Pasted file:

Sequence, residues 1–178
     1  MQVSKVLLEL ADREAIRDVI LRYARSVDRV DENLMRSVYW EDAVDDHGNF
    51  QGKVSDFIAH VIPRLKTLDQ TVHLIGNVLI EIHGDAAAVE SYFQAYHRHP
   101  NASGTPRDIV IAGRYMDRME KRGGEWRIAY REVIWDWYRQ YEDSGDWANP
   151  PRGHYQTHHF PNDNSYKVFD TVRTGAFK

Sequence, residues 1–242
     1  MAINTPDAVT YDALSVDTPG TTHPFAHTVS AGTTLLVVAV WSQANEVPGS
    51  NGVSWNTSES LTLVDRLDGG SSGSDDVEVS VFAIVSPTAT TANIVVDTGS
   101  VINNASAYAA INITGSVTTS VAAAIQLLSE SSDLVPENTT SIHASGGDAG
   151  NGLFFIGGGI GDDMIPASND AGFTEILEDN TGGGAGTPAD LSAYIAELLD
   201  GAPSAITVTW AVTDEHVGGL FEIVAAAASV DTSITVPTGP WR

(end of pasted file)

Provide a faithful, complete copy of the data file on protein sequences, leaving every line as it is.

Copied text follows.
Sequence, residues 1–178
     1  MQVSKVLLEL ADREAIRDVI LRYARSVDRV DENLMRSVYW EDAVDDHGNF
    51  QGKVSDFIAH VIPRLKTLDQ TVHLIGNVLI EIHGDAAAVE SYFQAYHRHP
   101  NASGTPRDIV IAGRYMDRME KRGGEWRIAY REVIWDWYRQ YEDSGDWANP
   151  PRGHYQTHHF PNDNSYKVFD TVRTGAFK

Sequence, residues 1–242
     1  MAINTPDAVT YDALSVDTPG TTHPFAHTVS AGTTLLVVAV WSQANEVPGS
    51  NGVSWNTSES LTLVDRLDGG SSGSDDVEVS VFAIVSPTAT TANIVVDTGS
   101  VINNASAYAA INITGSVTTS VAAAIQLLSE SSDLVPENTT SIHASGGDAG
   151  NGLFFIGGGI GDDMIPASND AGFTEILEDN TGGGAGTPAD LSAYIAELLD
   201  GAPSAITVTW AVTDEHVGGL FEIVAAAASV DTSITVPTGP WR